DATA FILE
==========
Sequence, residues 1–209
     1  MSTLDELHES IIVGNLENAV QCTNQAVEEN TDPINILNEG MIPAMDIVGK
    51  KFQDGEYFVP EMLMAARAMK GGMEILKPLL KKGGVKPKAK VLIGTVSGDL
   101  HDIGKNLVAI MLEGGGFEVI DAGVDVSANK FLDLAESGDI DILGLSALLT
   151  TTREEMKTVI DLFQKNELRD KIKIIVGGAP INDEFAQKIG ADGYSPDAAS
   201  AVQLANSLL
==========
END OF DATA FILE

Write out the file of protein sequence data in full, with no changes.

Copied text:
Sequence, residues 1–209
     1  MSTLDELHES IIVGNLENAV QCTNQAVEEN TDPINILNEG MIPAMDIVGK
    51  KFQDGEYFVP EMLMAARAMK GGMEILKPLL KKGGVKPKAK VLIGTVSGDL
   101  HDIGKNLVAI MLEGGGFEVI DAGVDVSANK FLDLAESGDI DILGLSALLT
   151  TTREEMKTVI DLFQKNELRD KIKIIVGGAP INDEFAQKIG ADGYSPDAAS
   201  AVQLANSLL